Home Blog  
Education / Training Drop coin into slot: The Challenger–an airgun that paid off the Depression!

Drop coin into slot: The Challenger–an airgun that paid off the Depression!

by B.B. Pelletier

Announcement: Tom/B.B. had a slight relapse early Sunday morning. He’s back in the hospital due to a minor complication called a pancreatic pseudocyst. It’s an accumulation of pancreatic fluid that’s not draining. They’re monitoring things, relieving pain and waiting for the fluid to drain on its own (which it’s expected to do). It was the pain that was our biggest concern. Once the pain was gone, all Tom wanted to talk about was airguns and the blog. Stuff happens.

This changes B.B.’s plans to attend the Little Rock airgun show. However, I hope those who attend will send us lots of pictures; maybe we can put them together for a guest blog and show everyone else what they missed!

Now, on to today’s blog. While this is a reprint from an article that appeared in Airgun Revue #2, Tom has been wanting to run this article since March! I thought this was as good a time as any. Enjoy!

Called a countertop trade stimulator, the Challenger was one of many small shooting galleries that accepted pennies.

In the 1930s, the world was in the middle of a hard depression, which many people were not prepared to weather. Lifestyles of the Roaring ’20s had to be revamped to survival in the ’30s. For store owners, the pinch of tight money was particularly defeating because money is the lifeblood of trade.

Not that there wasn’t money enough to go around. There was plenty of money. People were just reluctant to spend much of what they had for fear they wouldn’t be able to get more. This fear paralyzed trade at the grassroots level, which, in turn, ruined the entire economy.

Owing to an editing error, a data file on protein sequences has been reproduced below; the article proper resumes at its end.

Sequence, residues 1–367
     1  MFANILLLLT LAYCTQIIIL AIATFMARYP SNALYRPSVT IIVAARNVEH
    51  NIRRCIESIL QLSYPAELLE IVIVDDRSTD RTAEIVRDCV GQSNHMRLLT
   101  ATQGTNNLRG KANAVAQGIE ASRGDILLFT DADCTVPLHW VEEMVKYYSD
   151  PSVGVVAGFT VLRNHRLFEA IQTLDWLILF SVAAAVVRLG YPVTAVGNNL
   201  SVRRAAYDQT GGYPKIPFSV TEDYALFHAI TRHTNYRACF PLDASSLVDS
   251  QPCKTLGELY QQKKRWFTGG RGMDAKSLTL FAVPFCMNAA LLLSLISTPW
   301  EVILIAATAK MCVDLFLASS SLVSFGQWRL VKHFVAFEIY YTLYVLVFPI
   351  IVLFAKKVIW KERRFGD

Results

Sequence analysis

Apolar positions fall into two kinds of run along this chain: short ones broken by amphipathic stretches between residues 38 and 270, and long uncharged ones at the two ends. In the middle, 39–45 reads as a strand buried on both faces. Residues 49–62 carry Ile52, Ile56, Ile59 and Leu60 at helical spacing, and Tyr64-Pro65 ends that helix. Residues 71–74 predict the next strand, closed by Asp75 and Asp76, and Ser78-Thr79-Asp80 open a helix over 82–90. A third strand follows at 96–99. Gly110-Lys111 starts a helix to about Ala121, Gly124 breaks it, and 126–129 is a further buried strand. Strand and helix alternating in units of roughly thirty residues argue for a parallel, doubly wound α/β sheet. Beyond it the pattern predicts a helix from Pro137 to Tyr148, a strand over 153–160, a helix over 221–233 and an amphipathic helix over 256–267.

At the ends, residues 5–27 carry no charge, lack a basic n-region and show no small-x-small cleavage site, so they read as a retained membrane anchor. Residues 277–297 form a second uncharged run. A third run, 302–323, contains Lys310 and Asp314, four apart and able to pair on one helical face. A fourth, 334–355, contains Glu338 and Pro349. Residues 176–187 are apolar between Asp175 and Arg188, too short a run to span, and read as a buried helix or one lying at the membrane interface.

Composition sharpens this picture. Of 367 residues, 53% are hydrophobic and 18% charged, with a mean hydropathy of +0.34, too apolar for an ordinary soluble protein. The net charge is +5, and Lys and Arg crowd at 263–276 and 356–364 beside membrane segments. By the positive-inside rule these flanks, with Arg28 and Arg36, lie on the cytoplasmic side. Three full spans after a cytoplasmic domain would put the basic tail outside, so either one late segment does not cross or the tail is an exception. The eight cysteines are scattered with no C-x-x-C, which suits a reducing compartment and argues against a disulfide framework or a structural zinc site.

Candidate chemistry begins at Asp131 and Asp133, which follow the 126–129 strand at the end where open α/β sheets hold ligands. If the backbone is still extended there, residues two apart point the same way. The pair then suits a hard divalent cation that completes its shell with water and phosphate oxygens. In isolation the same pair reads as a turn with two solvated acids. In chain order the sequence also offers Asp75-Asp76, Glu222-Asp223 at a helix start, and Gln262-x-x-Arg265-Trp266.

Trade stimulators had been around since the 1890s, but the need for them was never so keen as during The Great Depression. Only organized crime was able to generate a reliable income with their numbers rackets, which resembled the state lotteries of today but on a smaller scale. For a store owner to be a numbers agent, there had to be ties to the mob, which dictated the rules and the shares of the take just as states do today. Enter trade stimulators–devices that made all their money on the premises and could be owned entirely by the store. No waiting for the daily payoff announcement from the mob (or the state lottery commission).

Here’s the payoff. Nine scoring balls relate to the nine disks inside the game.

The “DROP COIN into slot” trade stimulators are a family of seemingly innocuous games that sat on countertops all over the country. For a penny, a person got 10 chances to do something. In the case of the machine shown here, it was to hit nine different paddles, which were scored by steel balls showing in the window at the top. Other machines had different games, but the object remained the same–10 chances to do something for a penny.

The coin goes in the slot on the gun’s right side; then, the lever on the side is depressed to start the game.

Now, suppose the store owner told you that if you got all nine paddles in a single try, he would give you $100. Pretty good play for a penny, huh? Of course you’re no dope, so you figure the game is gaffed–which it is. The No. 3 paddle on this one isn’t connected to the scoring mechanism! You can hit the paddle all you want, that ball isn’t going anywhere. But the store owner takes care of that, too. He pays a shill a sawbuck to run out of the store screaming that he won the prize! You run in with your friends and, sure enough, all the balls are showing. He really did it, you think. Heck, you’re a 13-year-old-kid. What do you know about life? So, the word goes out throughout the neighborhood and soon there’s a line in front of the machine–lots of kids and a few gullible adults, too.